- Video report by ITV News Africa Correspondent John Ray, words by Dan Ashby
An ITV News investigation has uncovered allegations that a group of anti-poaching rangers working in a British aid-supported project were complicit in the slaughter of elephants.
More than 10,000 elephants were killed in and around Ruaha National Park in Tanzania in 2014 alone, in what became one of the bloodiest symbols of the ivory trade.
But ITV News has seen a paper co-written by a British scientist revealing that elephant carcasses were found close to three ranger posts, and the rangers are the very people who were paid to protect the elephants.
Dr Colin Beale, of York University and author of the paper, told ITV News: “We see these hotspots around two or three of the ranger posts… somehow the rangers are probably complicit in the poaching.
“From elsewhere, we know that they may be passing information to the poachers about where and when it’s safe to poach and when patrols are going out.
"Or a much smaller proportion might actively be involved in poaching themselves.”
ITV News spent months investigating what happened in Ruaha National Park, and spoke to numerous witnesses who were there at the time.
One government ranger, whose identity we have protected for his safety, told us some rangers were even giving the poachers ammunition.
He said: “They give them rounds. For example, the poacher has a gun but he has no ammunition, so he gets it from the ranger.”
The rangers worked for Tanzania’s National Park association, but were supported and funded by a United Nations Development Programme project called Spanest.
Documents show that Spanest has received at least £3.7 million in international aid, including well-intentioned money originating from Britain’s Department for International Development.
It also received money from the US Government, channelled through the Global Environment Facility fund.
- Africa Correspondent John Ray discusses the report, which he believes raises "disturbing questions" and asks if failure is being rewarded.
The project was held in such high regard by the United Nations, that it was even visited by Helen Clarke, the one-time hopeful to become UN Secretary General.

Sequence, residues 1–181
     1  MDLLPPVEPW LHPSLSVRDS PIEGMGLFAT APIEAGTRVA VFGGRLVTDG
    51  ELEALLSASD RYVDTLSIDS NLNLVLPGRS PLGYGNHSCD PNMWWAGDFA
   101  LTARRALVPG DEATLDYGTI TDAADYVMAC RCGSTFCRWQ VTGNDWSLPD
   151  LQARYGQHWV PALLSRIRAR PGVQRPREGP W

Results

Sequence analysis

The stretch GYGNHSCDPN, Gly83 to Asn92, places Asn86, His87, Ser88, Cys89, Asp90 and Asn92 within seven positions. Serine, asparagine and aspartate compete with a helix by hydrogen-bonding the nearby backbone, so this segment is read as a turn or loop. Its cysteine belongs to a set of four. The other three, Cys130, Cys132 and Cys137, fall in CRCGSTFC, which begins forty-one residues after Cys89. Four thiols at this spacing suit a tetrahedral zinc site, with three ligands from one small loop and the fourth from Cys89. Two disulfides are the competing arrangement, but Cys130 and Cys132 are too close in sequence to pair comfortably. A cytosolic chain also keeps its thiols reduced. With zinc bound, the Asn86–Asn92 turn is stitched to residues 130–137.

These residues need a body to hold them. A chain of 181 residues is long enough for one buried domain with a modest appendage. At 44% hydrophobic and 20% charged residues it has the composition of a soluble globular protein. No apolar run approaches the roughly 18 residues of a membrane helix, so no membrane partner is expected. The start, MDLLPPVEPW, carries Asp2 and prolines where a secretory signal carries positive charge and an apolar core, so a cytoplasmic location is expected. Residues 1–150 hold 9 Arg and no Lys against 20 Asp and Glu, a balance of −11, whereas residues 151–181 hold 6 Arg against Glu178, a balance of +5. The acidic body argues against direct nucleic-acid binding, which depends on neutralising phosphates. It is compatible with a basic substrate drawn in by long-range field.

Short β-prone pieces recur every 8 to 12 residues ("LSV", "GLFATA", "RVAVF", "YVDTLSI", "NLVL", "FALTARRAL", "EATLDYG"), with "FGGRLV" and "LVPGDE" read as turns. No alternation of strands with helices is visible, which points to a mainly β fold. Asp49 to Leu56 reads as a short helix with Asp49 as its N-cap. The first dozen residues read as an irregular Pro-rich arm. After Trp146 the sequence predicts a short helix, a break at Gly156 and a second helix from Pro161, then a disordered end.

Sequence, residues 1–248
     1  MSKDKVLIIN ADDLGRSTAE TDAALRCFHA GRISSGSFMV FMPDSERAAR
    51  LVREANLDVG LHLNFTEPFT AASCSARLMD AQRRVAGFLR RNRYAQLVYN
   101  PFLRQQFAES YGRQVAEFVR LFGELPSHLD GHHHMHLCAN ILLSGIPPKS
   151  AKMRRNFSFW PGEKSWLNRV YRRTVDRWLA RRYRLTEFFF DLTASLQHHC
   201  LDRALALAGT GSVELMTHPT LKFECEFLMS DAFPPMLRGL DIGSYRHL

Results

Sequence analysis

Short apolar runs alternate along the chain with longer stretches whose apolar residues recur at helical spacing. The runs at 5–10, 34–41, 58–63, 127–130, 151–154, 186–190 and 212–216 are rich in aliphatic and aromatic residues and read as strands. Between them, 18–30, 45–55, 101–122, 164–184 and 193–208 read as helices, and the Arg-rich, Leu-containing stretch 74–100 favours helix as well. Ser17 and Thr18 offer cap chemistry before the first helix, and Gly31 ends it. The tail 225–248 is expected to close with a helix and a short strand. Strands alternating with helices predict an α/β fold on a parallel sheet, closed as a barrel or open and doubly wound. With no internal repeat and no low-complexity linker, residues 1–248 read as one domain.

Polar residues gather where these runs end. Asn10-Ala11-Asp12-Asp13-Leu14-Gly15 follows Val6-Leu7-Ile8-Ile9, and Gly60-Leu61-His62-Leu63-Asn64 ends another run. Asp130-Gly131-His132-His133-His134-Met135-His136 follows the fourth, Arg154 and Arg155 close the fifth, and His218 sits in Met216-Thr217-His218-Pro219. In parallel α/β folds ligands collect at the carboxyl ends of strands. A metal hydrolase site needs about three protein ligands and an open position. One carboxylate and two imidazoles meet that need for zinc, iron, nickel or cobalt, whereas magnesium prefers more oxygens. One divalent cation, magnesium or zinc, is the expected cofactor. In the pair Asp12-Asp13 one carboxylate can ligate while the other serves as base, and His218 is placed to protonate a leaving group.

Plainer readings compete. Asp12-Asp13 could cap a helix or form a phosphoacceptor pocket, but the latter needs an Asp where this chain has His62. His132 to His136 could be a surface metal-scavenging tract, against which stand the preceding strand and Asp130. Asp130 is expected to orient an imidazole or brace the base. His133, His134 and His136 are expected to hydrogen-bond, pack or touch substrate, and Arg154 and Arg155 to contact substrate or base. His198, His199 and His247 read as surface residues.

But between 2013 and 2015, the park saw a catastrophic collapse in elephant numbers, going from one of Africa’s biggest elephant populations, to a fraction of its former size.
Mary Rice, Executive Director of the Environmental Investigation Agency, said that aid projects should only get funding based upon results.
She said: “It’s not about whether the money has been spent on new vehicles or workshops or night vision binoculars, but what impact has that had?
"If you can’t show the impact for the millions of pounds that you have spent, you shouldn’t be getting the money in the first place.”
In response to the ITV News report, the Tanzanian Government said: "This should not be taken as an institutionalised system that operated with the tacit knowledge of the authorities."
They continued that environmental factors could also be an explanation, saying: "In the absence of any one known single cause it is our view the presence of an unusually high number of carcasses around these posts is an issue for further investigation."
A spokesperson for the United Nations Development Plan (UNDP) said: "UNDP is fully behind global efforts to tackle poaching and the illegal trade of wildlife.
"Through this work UNDP supports countries to diversify rural livelihoods, manage human-wildlife conflict, strengthen protected area management, share the benefits from sustainable wildlife management with local communities, and strengthen enforcement responses.
"UNDP condemns poaching in all its forms.
"The killing of any elephant is a crime.
"UNDP remains committed in this fight, working closely with governments, civil society, and the private sector to combat the illegal wildlife trade in both supply and demand countries.
"Issues of corruption across the illegal supply chain of ivory remain one of the greatest challenges in the battle to protect elephants and safeguard the livelihoods and broader societal benefits these majestic creatures provide through tourism and other economic activities.
"UNDP is committed to the highest standards of accountability and transparency, and has rigorous systems and procedures in place to prevent its funds being used for illegal purposes.
"UNDP has zero tolerance for wrongdoing.
"Anyone with information regarding wrongdoing involving UNDP projects is encouraged to contact our investigations hotline at +17707765678."